• 19. Aquarium Programs and Events Aquarium Programs and Events PLANNED GIVING make a simple decision today that will have a great impact tomorrow! Join other Aquarium supporters by making a planned gift to the Aquarium. A planned gift can be as easy as designating the Aquarium as a partial or full beneficiary of your life insurance or AMy ToyAMA retirement plan. other classesOC unDer the SeA ShAPeSAvAiLAbLe by reServAtiOn OnLyThe ocean is full of incredible animals andvibrant colors. In this interactive educator- andvideo-led program, children will match ocean Wanimals, such as sharks and sea anemones, to hen yOu Give A PLAnneD GiFt, the donation istheir shapes. This exciting program is designed directed to an endowment fund, unless otherwiseespecially for preschool and daycare groups. specified, that earns annual interest. Each year aCOST | $9/member or non-member (March–June) small portion of the interest may be directed $7.50/member or non-member (July– towards Aquarium projects, while the remaining interest is February) reinvested in the Endowment Fund. This establishes a body ofAGES | 4–5 years | plus one free adult chaperone per 10 Aquarium support that will continue year after year—providing childrenLENGTH | 45 minutes stable, reliable income to fund animal care, new exhibits, andGROUP SIzE | 20 student minimum educational programs. you can be part of this growing endow-RSVP | (562) 951-1630 ment by making a bequest to the Aquarium today. you may also add a few lines of text to your will or living trustOC SeA LiFe StrOLLtueSDAy, OCtOber 13 Or thurSDAy, JAnuAry 14 to donate a specific gift or percentage of your estate to the| 8:30-9:30A.m. Aquarium of the Pacific. your attorney may ask for the followingView the Aquarium before it opens! Bring sample language: “I give (_____dollars, a specific asset, or ____your child in a stroller for a close-up percent of the rest, residue, and remainder of my estate) to thelook at our exhibits. This class features Aquarium of the Pacific, 100 Aquarium way, Long Beach, CAa personalized Aquarium tour and craft 90802, tax exempt Id # 33-0532354, for its general use anddesigned with your toddler in mind. purposes.”COST | ADulT-CHIlD pAIr: $14/member Unless otherwise specified, all planned gifts are directed $20/non-member ExTrA pErSON: $10/person, includes to the Aquarium’s Endowment Fund, which are preserved Aquarium admission in perpetuity. your gift will ensure that the Aquarium can con-AGES | toddler, plus adult chaperone tinue to live up to its mission year after year. There are specialRSVP | (562) 951-1630 benefits for planned giving donors, so call (562) 951-1664 today to have a confidential conversation about your giving plans.Pre-registration and pre-payment required on all programsunless noted. Call (562) 951-1630. All prices subject to change. winter 2009 | Pacific Currents | 19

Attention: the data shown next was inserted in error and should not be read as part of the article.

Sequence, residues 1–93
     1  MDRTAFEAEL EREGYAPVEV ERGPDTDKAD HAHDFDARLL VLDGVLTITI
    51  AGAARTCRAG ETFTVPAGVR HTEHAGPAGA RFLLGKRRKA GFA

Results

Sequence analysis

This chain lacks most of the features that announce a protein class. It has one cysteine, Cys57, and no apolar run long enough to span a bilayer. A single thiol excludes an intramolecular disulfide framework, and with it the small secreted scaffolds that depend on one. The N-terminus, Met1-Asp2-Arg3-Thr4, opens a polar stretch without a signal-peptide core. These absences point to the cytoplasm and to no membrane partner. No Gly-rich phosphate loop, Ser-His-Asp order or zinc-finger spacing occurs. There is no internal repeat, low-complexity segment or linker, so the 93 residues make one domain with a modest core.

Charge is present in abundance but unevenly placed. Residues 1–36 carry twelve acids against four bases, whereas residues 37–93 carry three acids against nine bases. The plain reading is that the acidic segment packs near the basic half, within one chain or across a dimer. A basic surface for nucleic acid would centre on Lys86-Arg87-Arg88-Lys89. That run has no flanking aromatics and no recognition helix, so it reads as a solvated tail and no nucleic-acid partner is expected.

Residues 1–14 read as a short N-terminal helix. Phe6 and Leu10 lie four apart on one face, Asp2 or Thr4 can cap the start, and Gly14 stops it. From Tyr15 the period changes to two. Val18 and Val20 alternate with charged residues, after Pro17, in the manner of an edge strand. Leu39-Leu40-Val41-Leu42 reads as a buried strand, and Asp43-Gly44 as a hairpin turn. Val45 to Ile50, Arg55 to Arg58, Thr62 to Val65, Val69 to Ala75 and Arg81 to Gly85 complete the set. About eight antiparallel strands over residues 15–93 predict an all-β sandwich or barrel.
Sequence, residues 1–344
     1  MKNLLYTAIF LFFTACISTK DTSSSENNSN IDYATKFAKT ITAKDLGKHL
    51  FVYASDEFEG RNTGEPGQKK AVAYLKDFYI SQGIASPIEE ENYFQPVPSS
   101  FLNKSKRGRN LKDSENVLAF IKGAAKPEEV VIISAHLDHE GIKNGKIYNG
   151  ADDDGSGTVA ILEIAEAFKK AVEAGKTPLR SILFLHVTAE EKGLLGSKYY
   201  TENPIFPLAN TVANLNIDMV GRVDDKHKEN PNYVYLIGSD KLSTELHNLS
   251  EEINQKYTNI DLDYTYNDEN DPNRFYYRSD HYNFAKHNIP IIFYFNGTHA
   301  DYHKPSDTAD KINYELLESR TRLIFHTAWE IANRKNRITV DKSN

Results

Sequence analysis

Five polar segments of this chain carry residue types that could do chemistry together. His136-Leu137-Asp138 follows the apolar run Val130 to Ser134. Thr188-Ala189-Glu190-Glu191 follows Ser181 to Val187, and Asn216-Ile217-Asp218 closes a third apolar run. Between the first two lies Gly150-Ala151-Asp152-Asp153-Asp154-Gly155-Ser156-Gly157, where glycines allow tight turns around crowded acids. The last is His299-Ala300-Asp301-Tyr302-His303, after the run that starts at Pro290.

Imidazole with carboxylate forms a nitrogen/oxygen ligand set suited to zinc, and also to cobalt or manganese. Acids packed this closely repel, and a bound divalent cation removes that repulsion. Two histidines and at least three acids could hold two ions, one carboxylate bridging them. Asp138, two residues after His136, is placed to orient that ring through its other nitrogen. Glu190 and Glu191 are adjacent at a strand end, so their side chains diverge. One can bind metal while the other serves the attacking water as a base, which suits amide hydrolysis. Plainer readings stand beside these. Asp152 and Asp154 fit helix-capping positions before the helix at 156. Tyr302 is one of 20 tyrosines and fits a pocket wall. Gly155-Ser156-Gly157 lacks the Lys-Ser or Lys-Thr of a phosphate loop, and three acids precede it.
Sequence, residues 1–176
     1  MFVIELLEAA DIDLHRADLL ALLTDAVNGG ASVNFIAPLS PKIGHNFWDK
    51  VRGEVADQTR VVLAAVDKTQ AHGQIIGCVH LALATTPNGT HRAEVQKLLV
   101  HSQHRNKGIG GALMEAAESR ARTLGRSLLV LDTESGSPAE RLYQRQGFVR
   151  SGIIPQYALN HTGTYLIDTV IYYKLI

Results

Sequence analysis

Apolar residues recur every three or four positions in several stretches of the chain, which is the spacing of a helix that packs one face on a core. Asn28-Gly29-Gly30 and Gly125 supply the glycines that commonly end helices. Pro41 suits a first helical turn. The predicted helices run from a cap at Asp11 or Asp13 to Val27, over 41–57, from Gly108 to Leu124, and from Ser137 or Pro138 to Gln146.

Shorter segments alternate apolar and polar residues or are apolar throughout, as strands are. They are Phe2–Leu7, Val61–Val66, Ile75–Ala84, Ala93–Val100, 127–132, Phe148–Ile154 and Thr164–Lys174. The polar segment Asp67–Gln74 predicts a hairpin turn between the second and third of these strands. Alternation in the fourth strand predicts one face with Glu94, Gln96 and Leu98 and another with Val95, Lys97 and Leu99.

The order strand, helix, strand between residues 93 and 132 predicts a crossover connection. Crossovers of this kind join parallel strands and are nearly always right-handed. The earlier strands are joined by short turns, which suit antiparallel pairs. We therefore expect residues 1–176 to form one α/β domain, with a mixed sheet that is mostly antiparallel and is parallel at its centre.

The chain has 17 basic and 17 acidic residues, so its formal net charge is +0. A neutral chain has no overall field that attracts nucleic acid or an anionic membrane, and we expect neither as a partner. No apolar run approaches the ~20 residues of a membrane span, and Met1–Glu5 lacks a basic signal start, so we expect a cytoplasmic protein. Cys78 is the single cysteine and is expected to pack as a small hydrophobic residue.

• 20. kIdS COrnerFish Lifecycle WheelContributed by Sabreena Kasbati t here are Over 25,000 fish sPeCies in the WOrld, and many start life in an eGG. inside the egg, a yolk sac feeds them until they are developed enough tosurvive on their own. they will hatch as zooplankton,microscopic animals that go wherever the water flows.they then become larvae. in a few months, the babyfish grow into juvenile fish that can actively swim.lastly, the adult stage happens when the fish aremature enough to have babies.it is not easy being a fish. they have plenty of obstaclestesting their survival: predators, pollution, overfishing,habitat loss, changes in water temperature, and more.if you want to help fish survive, you can start byunderstanding their lifecycles and remembering thechallenges they face. Create your own fish lifecyclewheel and show it to your friends. egg Larva Adult Juvenile